And as impressive as those numbers might be, I am still not the traditional college student. And many are in the same boat as me. The average age of all students at UNR as of spring 2013 was 23.8. UNR demographics also state the average age of a graduate student at 32.2.
I happen to work with an academic advisor from TMCC. She told me a single mother came into the office crying. She couldn’t do 15 credits. Not unless someone was willing to babysit her kids and offer her a job that fits her school schedule.
Megan, in her short career in student advisement, has noticed a considerable increase in non-traditional students, and more and more people are trying to take part time classes to further their education in hopes of landing a more secure job. However, as the national trend to set the new standard for full time at 15 credits, she admits she is “encouraged” to push for new and current students to take a 15 credit minimum. She says most of the people in her office are not too happy with his academic mandate.
I knew what I had to do. Talk to my academic advisor. Surely he could shed some light on why I wasn’t eligible for Nevada scholarships. For those of you who don’t know Howard Rosenberg, the grey in his mustache will give him away. His mouth will confirm any doubts you had. I hope I’m nearly as cantankerous when I’m as old as he is.
Rosenberg does academic advisement for the art department. He also is an old veteran in the classroom. He’s been around the block. He’s very aware of the amount of work necessary to be successful in an art studio class. Hell, my ceramic teacher alone required three hours of studio time for every three hours of class time. Figure you meet twice and week, that’s an extra 12 hours of studio time outside of classroom time. And that’s just for a three-credit course.
Matter of fact, most of the classes I’ve taken have asked for three hours of outside classroom time to be successful. That translates to 48 hours of out of the classroom work for 12 credits. 15 credits puts you at 60 hours of out of classroom time. Is this why the athletes get an exception?
“It isn’t our job to graduate students,” said Rosenberg. I showed him the data from the “15 to finish” PR pamphlet. He had a very interesting question: How many dismissals happened in 2008?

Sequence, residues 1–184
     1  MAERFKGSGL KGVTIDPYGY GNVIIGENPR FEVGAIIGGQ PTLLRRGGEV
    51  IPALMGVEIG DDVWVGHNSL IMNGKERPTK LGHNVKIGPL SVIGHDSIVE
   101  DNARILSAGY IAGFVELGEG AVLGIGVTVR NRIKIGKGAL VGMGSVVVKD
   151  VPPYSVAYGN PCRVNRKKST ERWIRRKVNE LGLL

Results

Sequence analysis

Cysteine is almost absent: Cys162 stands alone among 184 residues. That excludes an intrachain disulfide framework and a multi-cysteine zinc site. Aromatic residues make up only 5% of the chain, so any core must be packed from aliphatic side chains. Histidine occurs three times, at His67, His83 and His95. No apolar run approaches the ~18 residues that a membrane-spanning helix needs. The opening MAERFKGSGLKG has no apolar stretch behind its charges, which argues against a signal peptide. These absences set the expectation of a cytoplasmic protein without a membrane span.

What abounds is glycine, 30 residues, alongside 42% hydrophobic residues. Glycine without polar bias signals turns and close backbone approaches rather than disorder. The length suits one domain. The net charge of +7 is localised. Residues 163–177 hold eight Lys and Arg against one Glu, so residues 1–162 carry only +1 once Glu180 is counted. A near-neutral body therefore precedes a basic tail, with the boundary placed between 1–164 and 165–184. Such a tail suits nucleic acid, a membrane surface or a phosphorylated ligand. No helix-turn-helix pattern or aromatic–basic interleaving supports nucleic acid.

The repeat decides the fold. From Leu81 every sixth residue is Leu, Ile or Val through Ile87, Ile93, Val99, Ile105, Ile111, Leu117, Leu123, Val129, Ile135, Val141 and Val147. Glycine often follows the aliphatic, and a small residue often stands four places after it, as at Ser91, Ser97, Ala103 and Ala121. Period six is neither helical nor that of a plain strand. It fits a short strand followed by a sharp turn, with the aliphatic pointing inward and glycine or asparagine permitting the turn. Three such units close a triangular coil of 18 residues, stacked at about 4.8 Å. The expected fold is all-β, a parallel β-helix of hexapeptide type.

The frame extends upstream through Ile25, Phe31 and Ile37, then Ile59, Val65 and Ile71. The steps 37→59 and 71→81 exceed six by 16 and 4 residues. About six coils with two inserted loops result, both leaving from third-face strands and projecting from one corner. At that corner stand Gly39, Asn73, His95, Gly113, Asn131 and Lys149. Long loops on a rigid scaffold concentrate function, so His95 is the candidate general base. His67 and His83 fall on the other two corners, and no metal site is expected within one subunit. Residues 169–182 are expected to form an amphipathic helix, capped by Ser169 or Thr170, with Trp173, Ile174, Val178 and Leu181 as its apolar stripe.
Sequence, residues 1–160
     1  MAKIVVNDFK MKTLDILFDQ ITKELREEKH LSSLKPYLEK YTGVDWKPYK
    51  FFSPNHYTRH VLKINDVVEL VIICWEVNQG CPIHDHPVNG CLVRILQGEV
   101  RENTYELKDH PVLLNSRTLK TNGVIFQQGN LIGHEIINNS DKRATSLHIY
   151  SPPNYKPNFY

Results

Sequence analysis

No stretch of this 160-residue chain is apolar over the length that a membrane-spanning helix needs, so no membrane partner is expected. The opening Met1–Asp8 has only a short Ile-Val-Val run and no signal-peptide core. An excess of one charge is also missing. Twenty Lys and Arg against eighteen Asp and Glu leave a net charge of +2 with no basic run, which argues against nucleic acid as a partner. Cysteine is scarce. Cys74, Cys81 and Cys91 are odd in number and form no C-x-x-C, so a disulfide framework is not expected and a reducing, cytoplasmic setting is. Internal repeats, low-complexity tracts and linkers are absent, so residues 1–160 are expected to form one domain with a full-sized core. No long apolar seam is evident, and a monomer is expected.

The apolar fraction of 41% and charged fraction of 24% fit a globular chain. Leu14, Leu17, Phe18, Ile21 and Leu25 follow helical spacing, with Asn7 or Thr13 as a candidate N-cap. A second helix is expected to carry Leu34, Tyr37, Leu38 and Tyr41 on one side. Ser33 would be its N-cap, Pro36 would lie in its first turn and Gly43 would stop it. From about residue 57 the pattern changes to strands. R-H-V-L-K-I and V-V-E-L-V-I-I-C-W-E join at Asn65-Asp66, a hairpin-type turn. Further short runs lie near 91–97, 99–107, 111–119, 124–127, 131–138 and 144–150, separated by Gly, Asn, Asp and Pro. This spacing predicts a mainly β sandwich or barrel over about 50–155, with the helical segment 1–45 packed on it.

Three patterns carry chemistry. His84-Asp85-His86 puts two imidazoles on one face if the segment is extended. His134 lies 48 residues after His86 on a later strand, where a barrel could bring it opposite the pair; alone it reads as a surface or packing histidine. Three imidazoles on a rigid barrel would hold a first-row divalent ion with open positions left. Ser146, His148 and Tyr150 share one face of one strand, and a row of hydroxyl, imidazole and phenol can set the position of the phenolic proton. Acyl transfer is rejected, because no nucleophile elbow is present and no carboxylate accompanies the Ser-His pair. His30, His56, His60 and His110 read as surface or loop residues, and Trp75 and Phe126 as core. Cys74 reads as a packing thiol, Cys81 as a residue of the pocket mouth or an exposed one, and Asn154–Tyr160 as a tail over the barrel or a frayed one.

“As an advisor, you are aware of what your students are capable of.” Rosenberg admitted he could create a 15 credit semester for a student, but only because he understands the workloads of the classes he advises for.
“This is a very bad idea,” he said. “It’s crap. Utter crap.”
I love old people.
I told him the universities in Hawaii offer students incentives for taking 15 credits. Apparently if a student so chooses to take 15 credits, he pays the same price for taking a 12-credit load. I wonder if their scholarships are connected to “enrollment intensity.” Don’t you love double speak?
Enter Dr. Shannon Ellis. Yes, she got back to me. I was excited and nervous. I almost expected her to be the evil boogieman behind closed doors. She wasn’t, she was nice and she was genuinely concerned about my predicament.
Right away I admitted my bias. She appreciated that — she studied journalism herself. I was not dealing with a naive person; she is, after all, the recipient of two Fulbrights. After talking to her I came to believe her heart is n the right place. Dr. Ellis even took a personal interest in my story, really encouraging me to submit the appeal form.
But, here’s what she told me. And what she didn’t tell me. I blew through my questions. Conflicts in scheduling for upper division, for example; I have eight classes left to graduate, and at least five of them fall during the same time slot. Lucky me. Ellis confirmed that these contingencies were considered, but honestly this would be a year of academic data to figure out these problems.
I mentioned the incentive for the Hawaii students to take 15 for the price of 12. She flatly said that when a flat rate for 15 credits was brought up to the Nevada Board of Regents, it fell on deaf ears… or greedy ones. (That last thought is mine).
Dr. Ellis did mention the financial issue. During the course of this story, several people have admitted that state funding acts like a carrot before a donkey. The school gets a nibble and if they can push more students through, they get the rest of the carrot. But didn’t UNR spend a lot of money on a new fitness center? There does appear to be funding coming into the school.
But my biggest question, perhaps the one that bothered me the most: that poster, that clever “15 to finish” poster said nothing about student financial aid being connected to 15 credits.
On this note, Dr. Ellis couldn’t answer. Her argument was simply what the data from the Complete College America report shows — that higher GPA, higher graduations rates and better retention are all connected to 15 credit class loads. I get it; it’s her job to promote this. But again, Dr. Ellis appeared to be invested in the idea of helping students graduate.
Her perspective was unique.
“I was around when these changes began,” she said. She recalls a time when you were scorned if you didn’t finish college in a four year period. She was willing to admit this top down mandate is definitely a “huge cultural shift.”